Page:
Take the 2-minute tour ×
Mathematics Stack Exchange is a question and answer site for people studying math at any level and professionals in related fields. It's 100% free, no registration required.
  1. construct two lines through the point $(3,1)$ that are parallel to the line $x=7$

  2. construct two lines through the point $(3,1)$ that are parallel to the line $x^2 + y^2=36$

share|improve this question
1  
Welcome to math.SE: since you are new, I wanted to let you know a few things about the site. In order to get the best possible answers, it is helpful if you say in what context you encountered the problem, and what your thoughts on it are; this will prevent people from telling you things you already know, and help them give their answers at the right level. If this is homework, please add the homework tag; people will still help, so don't worry. Also, many find rude writing a question that looks like it consists only of a verbatim quote; please consider rewriting your post. –  A.P. May 6 '13 at 20:05
add comment

1 Answer

So you are using the upper half plane model by Poincaré, right? In that case, a hyperbolic line is a line or circle perpendicular to the real axis. And two lines are parallel if they do not intersect (unless your definition of “parallel” is lines meeting at an ideal point, see below for that). So one of many possible constructions would look like this:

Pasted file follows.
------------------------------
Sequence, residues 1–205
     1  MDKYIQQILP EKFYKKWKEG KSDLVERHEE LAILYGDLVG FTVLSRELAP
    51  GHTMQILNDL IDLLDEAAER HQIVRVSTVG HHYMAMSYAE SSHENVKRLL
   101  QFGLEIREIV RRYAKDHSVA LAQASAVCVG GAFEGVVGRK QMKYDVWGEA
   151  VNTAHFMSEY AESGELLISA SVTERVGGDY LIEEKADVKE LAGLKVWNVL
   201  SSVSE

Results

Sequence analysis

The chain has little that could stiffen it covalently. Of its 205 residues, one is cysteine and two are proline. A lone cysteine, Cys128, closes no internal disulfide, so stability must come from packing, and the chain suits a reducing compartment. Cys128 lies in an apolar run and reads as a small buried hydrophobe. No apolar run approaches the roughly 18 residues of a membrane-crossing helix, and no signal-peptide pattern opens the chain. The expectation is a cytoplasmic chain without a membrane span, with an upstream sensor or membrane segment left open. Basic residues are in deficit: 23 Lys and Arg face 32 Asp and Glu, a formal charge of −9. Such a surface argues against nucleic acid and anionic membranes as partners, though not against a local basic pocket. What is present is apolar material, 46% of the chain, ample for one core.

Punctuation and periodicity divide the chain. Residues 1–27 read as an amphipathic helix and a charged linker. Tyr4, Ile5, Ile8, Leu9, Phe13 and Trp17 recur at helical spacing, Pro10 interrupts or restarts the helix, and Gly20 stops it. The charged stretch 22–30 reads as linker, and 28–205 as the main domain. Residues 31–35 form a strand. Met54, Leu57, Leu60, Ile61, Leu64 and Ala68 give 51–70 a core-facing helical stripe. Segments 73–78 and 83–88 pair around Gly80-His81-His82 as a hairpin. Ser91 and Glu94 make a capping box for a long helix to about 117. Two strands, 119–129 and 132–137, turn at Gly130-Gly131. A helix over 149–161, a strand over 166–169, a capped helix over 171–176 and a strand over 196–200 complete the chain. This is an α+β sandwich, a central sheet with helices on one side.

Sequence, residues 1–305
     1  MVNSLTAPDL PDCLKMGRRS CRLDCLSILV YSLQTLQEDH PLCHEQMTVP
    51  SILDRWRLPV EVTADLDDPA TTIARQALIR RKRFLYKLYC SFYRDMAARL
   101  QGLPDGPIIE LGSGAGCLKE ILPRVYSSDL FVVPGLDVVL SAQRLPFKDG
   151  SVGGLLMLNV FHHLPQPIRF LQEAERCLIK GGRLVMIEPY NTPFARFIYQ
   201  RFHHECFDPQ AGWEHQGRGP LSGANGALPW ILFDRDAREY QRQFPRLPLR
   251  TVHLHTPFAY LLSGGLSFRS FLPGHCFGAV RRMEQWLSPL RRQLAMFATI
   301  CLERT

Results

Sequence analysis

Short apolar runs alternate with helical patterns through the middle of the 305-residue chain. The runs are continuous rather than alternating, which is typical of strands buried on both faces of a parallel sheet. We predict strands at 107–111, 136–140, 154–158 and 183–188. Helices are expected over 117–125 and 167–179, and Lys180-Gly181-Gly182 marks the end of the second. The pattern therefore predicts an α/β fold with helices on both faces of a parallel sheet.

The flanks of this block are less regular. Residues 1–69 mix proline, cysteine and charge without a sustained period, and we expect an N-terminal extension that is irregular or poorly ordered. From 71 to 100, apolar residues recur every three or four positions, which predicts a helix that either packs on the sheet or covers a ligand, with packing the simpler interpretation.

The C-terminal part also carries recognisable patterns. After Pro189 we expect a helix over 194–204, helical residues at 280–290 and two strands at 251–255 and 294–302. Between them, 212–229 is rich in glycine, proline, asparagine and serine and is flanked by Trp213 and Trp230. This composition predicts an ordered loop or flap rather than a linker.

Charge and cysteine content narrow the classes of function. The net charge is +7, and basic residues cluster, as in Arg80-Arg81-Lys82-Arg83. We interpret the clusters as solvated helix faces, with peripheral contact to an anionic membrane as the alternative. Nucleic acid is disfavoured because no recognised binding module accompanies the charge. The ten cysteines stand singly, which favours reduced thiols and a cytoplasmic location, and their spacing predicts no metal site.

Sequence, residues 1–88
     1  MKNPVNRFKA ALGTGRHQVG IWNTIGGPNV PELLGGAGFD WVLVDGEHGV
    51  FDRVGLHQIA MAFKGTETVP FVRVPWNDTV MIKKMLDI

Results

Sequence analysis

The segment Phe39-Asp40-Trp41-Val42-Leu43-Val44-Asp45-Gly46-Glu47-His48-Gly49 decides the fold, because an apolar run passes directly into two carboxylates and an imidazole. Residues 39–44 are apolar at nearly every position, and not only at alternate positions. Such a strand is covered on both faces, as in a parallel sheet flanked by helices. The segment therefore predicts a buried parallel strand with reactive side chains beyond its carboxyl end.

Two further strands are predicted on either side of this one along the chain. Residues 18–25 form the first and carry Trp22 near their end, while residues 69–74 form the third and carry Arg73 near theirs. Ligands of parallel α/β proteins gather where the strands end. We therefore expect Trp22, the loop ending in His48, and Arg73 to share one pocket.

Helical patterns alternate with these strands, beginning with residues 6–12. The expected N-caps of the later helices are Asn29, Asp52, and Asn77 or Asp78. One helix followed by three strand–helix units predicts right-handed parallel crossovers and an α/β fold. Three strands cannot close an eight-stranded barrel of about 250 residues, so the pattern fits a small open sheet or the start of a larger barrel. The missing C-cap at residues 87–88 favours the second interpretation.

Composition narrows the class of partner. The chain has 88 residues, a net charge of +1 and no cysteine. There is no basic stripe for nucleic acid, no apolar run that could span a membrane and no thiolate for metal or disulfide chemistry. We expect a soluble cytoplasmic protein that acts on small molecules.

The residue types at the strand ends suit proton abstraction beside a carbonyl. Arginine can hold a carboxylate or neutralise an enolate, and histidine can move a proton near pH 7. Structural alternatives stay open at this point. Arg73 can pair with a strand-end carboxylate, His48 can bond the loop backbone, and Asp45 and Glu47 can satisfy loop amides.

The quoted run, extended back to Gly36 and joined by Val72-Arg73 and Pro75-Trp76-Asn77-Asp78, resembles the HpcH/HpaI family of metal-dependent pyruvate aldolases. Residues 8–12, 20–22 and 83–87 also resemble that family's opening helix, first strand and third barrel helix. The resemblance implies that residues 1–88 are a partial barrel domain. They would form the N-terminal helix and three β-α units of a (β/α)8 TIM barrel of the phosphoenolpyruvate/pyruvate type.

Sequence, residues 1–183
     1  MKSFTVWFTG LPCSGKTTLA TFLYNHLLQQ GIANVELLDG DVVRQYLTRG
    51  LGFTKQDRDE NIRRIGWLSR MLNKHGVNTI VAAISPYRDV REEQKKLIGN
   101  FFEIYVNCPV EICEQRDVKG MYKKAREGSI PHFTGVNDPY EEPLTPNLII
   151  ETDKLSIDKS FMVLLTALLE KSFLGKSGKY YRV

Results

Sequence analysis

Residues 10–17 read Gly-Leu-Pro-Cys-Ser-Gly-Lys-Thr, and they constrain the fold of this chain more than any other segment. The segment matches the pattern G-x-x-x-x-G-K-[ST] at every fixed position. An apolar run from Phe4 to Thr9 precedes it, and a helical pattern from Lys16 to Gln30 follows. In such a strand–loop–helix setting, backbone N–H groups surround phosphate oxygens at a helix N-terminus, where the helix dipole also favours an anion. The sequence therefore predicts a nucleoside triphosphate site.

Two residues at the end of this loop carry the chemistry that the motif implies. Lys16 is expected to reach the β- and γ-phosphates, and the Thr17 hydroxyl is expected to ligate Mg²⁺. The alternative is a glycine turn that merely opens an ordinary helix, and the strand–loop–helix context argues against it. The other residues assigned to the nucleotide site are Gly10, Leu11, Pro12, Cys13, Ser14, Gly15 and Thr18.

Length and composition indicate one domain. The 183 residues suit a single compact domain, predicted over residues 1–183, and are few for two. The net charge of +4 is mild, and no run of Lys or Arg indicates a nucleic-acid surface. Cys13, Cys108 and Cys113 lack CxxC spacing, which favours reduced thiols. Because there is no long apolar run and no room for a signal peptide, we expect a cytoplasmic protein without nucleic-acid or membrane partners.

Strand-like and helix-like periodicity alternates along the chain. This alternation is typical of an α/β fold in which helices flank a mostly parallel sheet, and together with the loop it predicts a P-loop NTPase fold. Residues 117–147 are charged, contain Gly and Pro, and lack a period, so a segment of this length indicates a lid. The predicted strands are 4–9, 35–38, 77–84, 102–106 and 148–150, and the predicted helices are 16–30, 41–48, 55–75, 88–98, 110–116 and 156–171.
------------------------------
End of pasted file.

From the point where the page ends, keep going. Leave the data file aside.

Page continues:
Fig. 1: ultraparallel lines

The two small circles are parallel to both the vertical line for the first question, and the big circle for the second question. They also both pass through $(3,1)$.

If your definition of “parallel lines” is not the lack of a point of intersection, but instead an ideal point of intersection at infinity, then the picture would look more like this:

Fig. 2: limit parallel lines

You can construct these easily if you know how to construct a ciorcle through three points, since all circles will pass through the point $(3,-1)$ as well.

Wikipedia calls this “asymptotic”, as opposed to “ultraparallel” for the above situation. Whether you define ”parallel” to mean “asymptotic” or “ultraparallel” or both depends on context, but personally I prefer to use the term to denote both alternatives together.

share|improve this answer
    
At least in my experience it's not uncommon to have 'parallel' mean lines meeting at a point at infinity, and to use 'ultraparallel' for the sort of line you describe; I would certainly take the question in that spirit, though without more context it's impossible to say for sure. –  Steven Stadnicki May 6 '13 at 22:57
    
@StevenStadnicki: Augmented my answer to cater for that definition as well. –  MvG May 6 '13 at 23:13
add comment

Your Answer

 
discard

By posting your answer, you agree to the privacy policy and terms of service.

Not the answer you're looking for? Browse other questions tagged or ask your own question.